The idea that cellular and wifi (etc) signals have negative effects on bees was promoted initially by the UK Independent as a misreporting of a study conducted in 2006 by the University of Landau, in which cordless (not mobile, mind) phone base stations were placed inside beehives and left running.  After a week and a half of this, the bee colonies populations began to fall (although the study notes that several control colonies also experienced losses at the same time).  

Other studies have been done since, but all require the EMF-emitting devices to be installed in the hives themselves and made to run continuously for days before the bees began to express clear displeasure with the arrangement (I tend to think they were simply annoyed by all the telemarketing calls).

Unless you keep your cell phone inside your beehive, it doesn't actually seem like there's much to worry about from EMR.

Talking to a local a few months back they knew a local beekeeper who lost all his hives  after a phone tower got installed about 100 meters away,(he blames the tower) My mind is open on the possible effects but i don't trust politicians and industry bodies to tell me the whole truth about things, sometimes the truth lies somewhere in the middle.
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melliferal
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« Reply #4 on: May 14, 2013, 09:09:27 AM »

There's always the possibility; but don't forget those folks who keep their bees in proximity to such installations who don't make the blogosphere because their bees suffer no ill effects whatsoever outside the norm.

Obviously the best test is a dedicated multi-year experiment with a goodly number of colonies.  But few are willing or able to commit the resources (perhaps a university would be best suited for this).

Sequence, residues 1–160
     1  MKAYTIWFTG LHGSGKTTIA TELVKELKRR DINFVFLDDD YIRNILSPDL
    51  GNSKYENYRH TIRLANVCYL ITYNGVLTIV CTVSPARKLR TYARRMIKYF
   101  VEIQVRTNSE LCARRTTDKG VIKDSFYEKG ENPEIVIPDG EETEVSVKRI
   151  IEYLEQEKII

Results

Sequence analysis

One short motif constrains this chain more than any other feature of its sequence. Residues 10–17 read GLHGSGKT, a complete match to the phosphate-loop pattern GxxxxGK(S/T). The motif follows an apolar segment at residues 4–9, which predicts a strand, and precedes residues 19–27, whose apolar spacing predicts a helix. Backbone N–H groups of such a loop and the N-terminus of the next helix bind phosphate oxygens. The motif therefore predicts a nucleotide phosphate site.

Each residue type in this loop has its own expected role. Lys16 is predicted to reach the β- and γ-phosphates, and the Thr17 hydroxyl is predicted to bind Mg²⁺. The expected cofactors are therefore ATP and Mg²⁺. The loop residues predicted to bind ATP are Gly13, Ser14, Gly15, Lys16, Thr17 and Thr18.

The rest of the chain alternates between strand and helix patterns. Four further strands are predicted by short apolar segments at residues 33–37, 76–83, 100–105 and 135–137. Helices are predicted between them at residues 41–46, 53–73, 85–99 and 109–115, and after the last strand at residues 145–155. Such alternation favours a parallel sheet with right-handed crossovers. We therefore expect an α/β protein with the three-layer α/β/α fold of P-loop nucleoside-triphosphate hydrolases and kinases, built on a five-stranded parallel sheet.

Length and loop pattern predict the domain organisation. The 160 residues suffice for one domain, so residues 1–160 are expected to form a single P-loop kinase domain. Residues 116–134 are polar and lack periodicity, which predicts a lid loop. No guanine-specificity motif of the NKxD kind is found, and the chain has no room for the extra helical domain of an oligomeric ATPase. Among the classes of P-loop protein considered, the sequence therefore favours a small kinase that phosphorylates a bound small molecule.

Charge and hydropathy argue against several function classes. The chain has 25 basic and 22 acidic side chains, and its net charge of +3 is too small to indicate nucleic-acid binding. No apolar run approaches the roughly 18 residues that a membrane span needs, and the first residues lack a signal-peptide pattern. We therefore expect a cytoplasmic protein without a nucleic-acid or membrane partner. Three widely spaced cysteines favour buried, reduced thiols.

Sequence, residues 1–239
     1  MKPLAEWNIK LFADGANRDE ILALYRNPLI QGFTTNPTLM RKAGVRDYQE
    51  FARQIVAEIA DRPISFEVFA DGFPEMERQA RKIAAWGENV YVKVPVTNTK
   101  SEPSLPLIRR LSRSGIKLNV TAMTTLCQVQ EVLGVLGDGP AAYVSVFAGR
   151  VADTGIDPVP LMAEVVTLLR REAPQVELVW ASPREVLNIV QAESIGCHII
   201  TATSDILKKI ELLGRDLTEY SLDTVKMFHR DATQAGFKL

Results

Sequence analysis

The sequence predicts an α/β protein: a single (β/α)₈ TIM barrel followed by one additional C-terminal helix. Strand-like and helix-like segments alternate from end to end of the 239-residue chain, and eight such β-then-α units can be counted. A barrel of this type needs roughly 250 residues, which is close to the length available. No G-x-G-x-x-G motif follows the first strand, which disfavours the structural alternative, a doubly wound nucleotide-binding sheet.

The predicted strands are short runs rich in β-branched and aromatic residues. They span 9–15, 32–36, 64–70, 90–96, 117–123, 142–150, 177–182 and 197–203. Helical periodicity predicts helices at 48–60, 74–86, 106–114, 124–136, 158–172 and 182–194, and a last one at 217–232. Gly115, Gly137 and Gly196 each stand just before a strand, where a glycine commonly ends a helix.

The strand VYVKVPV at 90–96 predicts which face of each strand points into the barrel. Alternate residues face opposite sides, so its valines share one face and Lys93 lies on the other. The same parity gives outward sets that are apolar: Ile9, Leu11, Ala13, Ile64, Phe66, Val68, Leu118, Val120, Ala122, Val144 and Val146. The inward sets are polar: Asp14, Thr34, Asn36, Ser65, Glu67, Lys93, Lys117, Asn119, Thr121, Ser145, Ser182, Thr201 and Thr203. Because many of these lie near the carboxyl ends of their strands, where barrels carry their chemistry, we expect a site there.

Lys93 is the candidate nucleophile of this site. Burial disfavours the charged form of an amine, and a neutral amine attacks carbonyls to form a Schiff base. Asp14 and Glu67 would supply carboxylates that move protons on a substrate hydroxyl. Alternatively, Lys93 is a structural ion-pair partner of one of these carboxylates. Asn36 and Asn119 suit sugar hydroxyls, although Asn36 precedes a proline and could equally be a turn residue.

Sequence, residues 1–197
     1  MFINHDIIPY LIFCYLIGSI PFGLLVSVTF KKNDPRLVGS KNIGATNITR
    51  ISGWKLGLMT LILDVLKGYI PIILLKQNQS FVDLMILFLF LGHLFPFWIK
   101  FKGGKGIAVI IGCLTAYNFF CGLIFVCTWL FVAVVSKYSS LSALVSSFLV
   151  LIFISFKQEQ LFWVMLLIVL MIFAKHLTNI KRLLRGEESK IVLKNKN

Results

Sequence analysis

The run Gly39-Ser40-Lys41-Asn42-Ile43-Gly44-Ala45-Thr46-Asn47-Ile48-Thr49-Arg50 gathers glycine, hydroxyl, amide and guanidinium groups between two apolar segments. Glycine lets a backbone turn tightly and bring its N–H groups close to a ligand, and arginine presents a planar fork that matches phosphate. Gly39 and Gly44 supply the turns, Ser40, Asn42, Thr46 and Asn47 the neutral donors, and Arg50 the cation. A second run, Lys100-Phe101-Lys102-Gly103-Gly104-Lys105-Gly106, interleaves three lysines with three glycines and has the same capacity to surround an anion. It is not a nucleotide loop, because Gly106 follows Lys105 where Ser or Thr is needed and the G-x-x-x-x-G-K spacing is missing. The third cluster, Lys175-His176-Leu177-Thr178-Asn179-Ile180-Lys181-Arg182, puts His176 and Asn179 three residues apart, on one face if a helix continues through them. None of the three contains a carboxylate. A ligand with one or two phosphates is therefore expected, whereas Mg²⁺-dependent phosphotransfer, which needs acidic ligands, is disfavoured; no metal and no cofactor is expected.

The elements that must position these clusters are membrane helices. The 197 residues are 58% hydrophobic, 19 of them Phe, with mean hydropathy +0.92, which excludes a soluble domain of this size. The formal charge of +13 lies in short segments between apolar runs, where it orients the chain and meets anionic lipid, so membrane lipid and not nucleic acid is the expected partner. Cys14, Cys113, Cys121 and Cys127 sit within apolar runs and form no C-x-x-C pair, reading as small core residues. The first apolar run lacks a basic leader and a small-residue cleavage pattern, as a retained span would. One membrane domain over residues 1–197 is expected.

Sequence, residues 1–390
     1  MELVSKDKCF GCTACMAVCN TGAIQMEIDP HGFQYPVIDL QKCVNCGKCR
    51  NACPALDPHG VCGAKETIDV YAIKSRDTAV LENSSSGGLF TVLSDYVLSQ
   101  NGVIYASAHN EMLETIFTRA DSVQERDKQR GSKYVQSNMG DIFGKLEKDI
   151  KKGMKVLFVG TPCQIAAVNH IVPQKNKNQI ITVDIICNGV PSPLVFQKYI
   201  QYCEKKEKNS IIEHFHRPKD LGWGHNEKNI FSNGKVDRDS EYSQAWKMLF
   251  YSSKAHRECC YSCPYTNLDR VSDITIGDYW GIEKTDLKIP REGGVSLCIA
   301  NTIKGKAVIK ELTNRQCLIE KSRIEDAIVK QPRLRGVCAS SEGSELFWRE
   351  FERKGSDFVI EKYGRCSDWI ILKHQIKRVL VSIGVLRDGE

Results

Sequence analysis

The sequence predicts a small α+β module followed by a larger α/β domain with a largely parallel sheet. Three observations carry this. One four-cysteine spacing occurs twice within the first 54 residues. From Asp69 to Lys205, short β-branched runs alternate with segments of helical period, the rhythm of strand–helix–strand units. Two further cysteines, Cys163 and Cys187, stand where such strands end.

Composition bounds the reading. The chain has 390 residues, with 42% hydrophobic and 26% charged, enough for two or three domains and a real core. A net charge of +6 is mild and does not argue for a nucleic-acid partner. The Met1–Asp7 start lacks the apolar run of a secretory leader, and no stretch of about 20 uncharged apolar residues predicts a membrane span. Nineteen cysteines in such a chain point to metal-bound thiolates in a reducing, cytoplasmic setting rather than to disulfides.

I have my own doubts as to whether cell towers are responsible for CCD simply because they were already fairly prolific as much as a decade before CCD first broke out, and there doesn't seem to have been a surge in tower construction during or before its introduction, at least in the US.  However, disease, parasites, and chemicals were already killing bees before the first cell towers were built.
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rawfind
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« Reply #5 on: May 15, 2013, 01:31:19 AM »

T
I have my own doubts as to whether cell towers are responsible for CCD simply because they were already fairly prolific as much as a decade before CCD first broke out, and there doesn't seem to have been a surge in tower construction during or before its introduction, at least in the US.  However, disease, parasites, and chemicals were already killing bees before the first cell towers were built.